Both pathways require field experience hours to become certified, ranging from 400-2,000 hours.

HCAI is working with state universities as well as community colleges to develop the CWC  training program.

Services & Competences of the Certified Wellness Coach

Potential activities of CWCs in a school-based health and wellness center might include:

Wellness Promotion & Education

  • Classroom presentations on wellness skills, social emotional learning (SEL) competencies, mindfulness, evidence-based stress busters, substance use prevention, social skills, bullying prevention, suicide prevention
  • Lead campus wellness activities such as stress busters, mental health literacy, and cultural healing practices
  • Promote activities to address mental health stigma
  • Build rapport with students, staff, and parents
  • Serve as wellness champion on campus with schoolwide visibility


  • Support implementation of universal mental health/wellness student screening
  • Targeted screening for specific groups of students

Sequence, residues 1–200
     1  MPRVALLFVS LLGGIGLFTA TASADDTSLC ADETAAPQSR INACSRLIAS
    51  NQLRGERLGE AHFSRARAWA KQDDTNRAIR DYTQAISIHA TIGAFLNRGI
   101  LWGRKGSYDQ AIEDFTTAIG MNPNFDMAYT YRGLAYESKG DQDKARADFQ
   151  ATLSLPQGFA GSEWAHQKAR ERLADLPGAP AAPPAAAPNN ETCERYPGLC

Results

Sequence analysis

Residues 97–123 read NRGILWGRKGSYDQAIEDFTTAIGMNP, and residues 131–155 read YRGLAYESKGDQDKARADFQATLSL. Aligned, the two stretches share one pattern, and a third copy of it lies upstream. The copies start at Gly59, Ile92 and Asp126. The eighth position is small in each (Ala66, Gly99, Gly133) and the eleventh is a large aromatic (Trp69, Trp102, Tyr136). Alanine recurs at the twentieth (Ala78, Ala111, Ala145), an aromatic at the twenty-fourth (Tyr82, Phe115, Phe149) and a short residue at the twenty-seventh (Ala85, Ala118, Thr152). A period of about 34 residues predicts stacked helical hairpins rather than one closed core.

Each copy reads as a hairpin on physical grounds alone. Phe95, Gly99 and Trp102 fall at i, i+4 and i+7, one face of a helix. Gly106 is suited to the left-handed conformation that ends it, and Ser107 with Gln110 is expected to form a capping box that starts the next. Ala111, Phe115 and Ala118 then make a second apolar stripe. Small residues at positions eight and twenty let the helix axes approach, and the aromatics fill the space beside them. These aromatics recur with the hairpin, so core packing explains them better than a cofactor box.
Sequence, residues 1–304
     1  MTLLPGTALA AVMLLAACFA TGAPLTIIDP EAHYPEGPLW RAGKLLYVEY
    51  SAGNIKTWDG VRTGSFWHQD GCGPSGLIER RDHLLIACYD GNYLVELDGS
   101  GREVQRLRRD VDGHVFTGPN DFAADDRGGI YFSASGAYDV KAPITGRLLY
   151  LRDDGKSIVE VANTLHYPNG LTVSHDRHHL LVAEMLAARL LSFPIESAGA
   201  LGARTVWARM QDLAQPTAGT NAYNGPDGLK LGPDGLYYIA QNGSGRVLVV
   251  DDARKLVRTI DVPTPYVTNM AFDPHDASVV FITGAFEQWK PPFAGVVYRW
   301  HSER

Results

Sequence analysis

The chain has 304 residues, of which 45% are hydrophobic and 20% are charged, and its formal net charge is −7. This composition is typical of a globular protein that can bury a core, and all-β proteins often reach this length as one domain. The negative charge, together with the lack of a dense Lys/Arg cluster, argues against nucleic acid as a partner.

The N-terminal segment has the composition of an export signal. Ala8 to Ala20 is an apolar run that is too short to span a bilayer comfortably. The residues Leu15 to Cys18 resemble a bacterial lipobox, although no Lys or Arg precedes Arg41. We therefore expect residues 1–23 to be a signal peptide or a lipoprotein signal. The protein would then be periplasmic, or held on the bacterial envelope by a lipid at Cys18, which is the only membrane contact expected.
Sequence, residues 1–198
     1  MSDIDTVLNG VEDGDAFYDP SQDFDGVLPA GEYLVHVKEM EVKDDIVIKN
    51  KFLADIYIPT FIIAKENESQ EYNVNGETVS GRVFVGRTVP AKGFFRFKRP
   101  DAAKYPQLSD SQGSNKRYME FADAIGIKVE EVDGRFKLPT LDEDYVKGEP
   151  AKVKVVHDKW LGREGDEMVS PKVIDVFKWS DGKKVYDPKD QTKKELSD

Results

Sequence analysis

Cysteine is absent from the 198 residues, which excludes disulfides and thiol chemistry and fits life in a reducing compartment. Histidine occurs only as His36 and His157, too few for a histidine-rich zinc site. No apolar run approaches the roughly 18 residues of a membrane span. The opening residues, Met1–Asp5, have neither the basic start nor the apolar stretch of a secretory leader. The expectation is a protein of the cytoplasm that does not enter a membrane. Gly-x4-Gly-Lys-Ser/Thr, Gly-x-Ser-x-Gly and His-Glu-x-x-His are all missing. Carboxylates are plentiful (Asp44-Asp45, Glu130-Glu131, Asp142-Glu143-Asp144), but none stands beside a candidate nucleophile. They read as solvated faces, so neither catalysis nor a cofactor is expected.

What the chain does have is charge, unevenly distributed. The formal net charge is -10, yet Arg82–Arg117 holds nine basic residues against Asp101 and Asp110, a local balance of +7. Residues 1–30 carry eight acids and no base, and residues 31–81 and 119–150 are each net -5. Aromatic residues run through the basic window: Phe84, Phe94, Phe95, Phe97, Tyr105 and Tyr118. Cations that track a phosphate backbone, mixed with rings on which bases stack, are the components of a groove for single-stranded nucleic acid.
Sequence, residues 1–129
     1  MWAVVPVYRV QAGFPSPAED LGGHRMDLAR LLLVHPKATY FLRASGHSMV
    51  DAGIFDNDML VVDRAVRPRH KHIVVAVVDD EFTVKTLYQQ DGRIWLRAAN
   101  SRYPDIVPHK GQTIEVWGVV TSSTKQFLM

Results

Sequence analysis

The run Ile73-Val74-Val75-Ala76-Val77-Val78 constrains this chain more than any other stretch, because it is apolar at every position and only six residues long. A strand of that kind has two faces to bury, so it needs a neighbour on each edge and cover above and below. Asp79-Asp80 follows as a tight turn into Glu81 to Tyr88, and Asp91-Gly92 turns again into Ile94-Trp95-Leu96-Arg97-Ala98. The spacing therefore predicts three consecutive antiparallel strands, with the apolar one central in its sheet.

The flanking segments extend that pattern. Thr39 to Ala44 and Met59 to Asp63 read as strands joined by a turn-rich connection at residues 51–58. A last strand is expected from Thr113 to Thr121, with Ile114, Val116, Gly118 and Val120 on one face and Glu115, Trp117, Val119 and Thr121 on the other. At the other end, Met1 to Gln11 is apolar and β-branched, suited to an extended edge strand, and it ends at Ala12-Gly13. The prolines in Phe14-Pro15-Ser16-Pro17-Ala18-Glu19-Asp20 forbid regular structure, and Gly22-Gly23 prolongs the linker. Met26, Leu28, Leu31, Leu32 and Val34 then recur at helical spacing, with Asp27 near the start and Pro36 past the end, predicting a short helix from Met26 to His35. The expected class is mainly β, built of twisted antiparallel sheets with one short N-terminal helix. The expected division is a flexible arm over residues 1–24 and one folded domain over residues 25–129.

• Triage students who need Tier 2 or 3 interventions following screening
  • Refer students to appropriate in school supports within the school or school-based health and wellness center
  • Develop schoolwide wellness promotion activities based on screening data

Care Coordination

  • Support in case management in coordination with behavioral health clinicians
  • Navigate needed external referrals (providing support with scheduling appts, facilitating communication, reminders, addressing transportation barriers)
  • Connect students/families to basic needs in the community (food, housing support, utility support, legal support)
  • Support with linking students and families to Medi-Cal enrollment, including education on eligibility, application support, coordination with Medi-Cal office, support with re-certifications
  • Liaise with school staff and school-based health and wellness staff around specific student need
  • Participate in Coordination of Services Team (COST) meetings